I didn’t go back to BC times, as I hope to whatever God you believe in, that I don’t have to prove to you that women’s right disparities and trans people did, in fact, exist. I imagine those people would never find themselves on my blog site, though.


The U.S. military removes a ban against women serving in combat positions.

Until SEVEN YEARS AGO, women couldn’t choose whatever job in the army they wanted to. You know how your parents said “You can be whatever you want to be when you grow up?” If you’re a woman, they were lying to you.


Cece McDonald was assaulted in an anti-trans, anti-black hate crime and was subsequently imprisoned for defending herself. She was forced to serve her 41-month sentence in a male prison. Since then, she has sought to unveil the structural violence and discrimination imposed on trans women of color.

You remember 2012 right? The year Barack Obama was re-elected president.


NCTE was founded by transgender activists who recognized the urgent need for policy change to advance transgender equality. With a committed board of directors, a volunteer staff of one, and donated office space, they set out to accomplish what no one had yet done: provide a powerful transgender advocacy presence in Washington, DC.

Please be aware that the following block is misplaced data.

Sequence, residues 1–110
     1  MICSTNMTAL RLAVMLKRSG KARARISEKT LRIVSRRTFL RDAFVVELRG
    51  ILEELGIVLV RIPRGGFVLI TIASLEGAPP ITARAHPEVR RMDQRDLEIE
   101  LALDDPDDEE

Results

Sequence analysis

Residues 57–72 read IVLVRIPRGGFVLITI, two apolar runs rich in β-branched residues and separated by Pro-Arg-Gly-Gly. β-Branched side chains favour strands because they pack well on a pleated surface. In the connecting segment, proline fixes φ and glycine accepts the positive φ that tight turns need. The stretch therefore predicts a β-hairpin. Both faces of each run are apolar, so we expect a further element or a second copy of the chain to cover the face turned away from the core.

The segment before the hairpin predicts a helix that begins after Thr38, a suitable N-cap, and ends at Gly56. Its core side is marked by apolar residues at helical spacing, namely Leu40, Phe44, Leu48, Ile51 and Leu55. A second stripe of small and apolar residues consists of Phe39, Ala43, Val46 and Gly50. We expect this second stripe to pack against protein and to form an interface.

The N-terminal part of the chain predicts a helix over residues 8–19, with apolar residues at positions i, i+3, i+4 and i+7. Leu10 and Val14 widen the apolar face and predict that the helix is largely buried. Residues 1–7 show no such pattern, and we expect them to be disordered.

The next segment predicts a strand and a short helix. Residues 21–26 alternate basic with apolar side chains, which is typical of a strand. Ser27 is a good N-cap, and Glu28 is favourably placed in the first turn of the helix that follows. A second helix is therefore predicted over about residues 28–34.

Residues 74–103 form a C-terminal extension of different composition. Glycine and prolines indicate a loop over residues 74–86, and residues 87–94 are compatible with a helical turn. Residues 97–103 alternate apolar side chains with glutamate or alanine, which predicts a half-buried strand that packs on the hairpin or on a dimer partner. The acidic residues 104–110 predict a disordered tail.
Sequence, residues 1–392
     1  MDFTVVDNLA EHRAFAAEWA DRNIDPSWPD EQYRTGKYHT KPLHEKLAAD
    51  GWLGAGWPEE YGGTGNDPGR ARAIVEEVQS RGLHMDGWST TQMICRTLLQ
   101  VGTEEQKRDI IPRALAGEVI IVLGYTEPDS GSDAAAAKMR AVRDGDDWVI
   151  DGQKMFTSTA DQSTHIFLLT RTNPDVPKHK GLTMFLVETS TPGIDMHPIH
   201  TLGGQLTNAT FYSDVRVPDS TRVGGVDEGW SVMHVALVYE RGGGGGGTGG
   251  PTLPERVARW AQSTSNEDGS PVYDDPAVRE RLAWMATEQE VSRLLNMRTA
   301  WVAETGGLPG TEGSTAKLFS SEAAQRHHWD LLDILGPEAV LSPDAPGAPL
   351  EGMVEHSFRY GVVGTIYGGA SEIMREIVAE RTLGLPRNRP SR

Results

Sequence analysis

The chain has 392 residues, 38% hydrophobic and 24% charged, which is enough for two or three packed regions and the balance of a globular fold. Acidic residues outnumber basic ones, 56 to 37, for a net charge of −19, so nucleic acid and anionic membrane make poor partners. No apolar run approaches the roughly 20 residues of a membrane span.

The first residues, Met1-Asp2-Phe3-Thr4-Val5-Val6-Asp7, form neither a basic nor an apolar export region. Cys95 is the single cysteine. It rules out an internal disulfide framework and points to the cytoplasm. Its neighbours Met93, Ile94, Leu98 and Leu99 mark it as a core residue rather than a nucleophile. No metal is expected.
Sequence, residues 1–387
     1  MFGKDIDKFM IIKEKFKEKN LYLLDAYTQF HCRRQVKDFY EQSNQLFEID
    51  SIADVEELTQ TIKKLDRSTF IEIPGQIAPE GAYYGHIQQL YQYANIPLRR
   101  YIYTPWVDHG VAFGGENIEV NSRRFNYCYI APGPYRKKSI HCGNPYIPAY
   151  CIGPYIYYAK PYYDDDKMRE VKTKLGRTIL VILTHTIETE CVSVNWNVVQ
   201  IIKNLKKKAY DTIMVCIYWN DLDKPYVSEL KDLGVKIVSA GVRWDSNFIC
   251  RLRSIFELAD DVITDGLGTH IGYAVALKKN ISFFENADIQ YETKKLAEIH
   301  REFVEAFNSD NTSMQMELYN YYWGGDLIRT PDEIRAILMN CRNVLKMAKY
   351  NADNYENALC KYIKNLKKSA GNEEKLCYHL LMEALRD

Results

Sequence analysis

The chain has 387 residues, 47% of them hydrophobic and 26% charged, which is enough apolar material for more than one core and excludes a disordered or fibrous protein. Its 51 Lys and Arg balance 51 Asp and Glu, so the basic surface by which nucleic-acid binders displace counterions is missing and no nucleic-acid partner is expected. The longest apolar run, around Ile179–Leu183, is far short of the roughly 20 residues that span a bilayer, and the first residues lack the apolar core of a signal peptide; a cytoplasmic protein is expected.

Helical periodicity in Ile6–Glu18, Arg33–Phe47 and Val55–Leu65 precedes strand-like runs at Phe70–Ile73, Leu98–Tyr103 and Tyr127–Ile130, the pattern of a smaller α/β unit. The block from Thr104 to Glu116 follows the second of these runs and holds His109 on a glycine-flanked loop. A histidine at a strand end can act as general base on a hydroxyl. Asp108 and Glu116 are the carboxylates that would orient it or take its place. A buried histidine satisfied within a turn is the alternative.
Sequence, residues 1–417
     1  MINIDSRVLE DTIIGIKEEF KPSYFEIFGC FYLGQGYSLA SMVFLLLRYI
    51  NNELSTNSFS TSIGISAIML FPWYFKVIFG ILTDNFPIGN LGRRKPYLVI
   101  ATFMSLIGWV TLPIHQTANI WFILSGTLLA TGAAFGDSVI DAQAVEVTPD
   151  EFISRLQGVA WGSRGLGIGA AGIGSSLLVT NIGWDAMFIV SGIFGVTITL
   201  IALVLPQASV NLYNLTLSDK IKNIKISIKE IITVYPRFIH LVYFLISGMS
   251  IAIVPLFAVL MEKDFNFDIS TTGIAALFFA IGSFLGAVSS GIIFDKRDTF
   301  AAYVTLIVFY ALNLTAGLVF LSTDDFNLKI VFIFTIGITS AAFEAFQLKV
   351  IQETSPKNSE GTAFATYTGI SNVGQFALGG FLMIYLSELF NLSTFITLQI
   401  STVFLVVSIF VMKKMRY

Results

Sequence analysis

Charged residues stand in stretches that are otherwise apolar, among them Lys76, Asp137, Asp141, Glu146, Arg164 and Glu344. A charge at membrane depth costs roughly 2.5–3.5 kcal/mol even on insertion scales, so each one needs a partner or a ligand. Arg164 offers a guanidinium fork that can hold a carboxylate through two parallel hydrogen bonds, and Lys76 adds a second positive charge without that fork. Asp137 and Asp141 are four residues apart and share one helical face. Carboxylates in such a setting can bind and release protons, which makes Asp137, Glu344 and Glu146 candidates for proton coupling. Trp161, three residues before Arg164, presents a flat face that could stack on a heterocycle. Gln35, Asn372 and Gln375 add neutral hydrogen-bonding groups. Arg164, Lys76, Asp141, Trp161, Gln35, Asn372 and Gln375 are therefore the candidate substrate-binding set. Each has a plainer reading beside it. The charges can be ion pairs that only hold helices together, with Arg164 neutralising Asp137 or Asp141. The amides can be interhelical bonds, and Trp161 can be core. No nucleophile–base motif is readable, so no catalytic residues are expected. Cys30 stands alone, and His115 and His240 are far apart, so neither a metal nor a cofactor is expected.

The Do Not Call list was created. So everyone got the chance to opt out of telemarketing calls when this major organization was founded.


Clinton signs the Violence Against Women Act as part of the Violent Crime Control and Law Enforcement Act, providing funding for programs that help victims of domestic violence, rape, sexual assault, stalking and other gender-related violence.